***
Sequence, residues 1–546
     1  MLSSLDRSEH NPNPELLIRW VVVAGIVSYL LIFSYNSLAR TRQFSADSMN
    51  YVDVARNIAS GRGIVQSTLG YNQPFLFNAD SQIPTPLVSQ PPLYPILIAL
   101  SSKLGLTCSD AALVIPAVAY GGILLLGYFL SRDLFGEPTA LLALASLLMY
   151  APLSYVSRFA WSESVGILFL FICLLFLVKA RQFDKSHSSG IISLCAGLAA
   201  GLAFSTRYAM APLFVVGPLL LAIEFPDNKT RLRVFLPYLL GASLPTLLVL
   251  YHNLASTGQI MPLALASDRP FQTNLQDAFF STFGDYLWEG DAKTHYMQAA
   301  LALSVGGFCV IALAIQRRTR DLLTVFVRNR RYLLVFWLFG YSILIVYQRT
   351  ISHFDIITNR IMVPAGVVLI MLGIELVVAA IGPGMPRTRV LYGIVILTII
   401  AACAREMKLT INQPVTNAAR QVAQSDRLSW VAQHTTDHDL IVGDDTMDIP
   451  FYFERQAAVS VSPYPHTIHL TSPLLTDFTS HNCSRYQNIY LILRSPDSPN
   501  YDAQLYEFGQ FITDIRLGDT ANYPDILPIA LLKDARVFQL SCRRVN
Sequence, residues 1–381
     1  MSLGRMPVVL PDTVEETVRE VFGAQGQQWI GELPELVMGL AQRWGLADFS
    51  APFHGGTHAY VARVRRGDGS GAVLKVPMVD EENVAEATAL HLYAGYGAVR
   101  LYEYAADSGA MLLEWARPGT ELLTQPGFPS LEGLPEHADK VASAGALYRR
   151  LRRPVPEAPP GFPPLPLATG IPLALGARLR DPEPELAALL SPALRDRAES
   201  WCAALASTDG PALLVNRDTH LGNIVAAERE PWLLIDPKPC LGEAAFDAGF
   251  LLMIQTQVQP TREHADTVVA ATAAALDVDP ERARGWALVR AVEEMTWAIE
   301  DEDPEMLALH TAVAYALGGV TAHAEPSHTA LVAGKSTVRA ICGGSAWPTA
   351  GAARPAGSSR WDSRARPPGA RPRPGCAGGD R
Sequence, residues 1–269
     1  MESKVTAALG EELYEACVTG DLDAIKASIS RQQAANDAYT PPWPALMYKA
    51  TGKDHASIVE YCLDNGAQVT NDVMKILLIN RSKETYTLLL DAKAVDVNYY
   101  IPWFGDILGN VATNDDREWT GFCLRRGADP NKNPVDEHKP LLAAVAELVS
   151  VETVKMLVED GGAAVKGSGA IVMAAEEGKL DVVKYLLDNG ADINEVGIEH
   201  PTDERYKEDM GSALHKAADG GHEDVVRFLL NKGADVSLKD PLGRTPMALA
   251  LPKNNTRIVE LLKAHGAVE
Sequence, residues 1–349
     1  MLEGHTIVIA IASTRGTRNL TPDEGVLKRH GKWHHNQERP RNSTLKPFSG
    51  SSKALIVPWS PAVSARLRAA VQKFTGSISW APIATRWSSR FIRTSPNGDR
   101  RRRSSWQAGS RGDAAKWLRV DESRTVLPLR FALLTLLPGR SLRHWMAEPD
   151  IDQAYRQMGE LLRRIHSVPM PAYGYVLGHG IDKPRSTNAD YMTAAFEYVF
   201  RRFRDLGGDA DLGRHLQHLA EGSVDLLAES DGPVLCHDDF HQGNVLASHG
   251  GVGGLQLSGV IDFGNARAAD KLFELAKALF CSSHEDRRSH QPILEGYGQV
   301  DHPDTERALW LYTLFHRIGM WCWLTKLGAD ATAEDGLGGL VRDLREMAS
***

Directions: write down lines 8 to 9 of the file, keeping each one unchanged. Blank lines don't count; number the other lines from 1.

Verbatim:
   301  LALSVGGFCV IALAIQRRTR DLLTVFVRNR RYLLVFWLFG YSILIVYQRT
   351  ISHFDIITNR IMVPAGVVLI MLGIELVVAA IGPGMPRTRV LYGIVILTII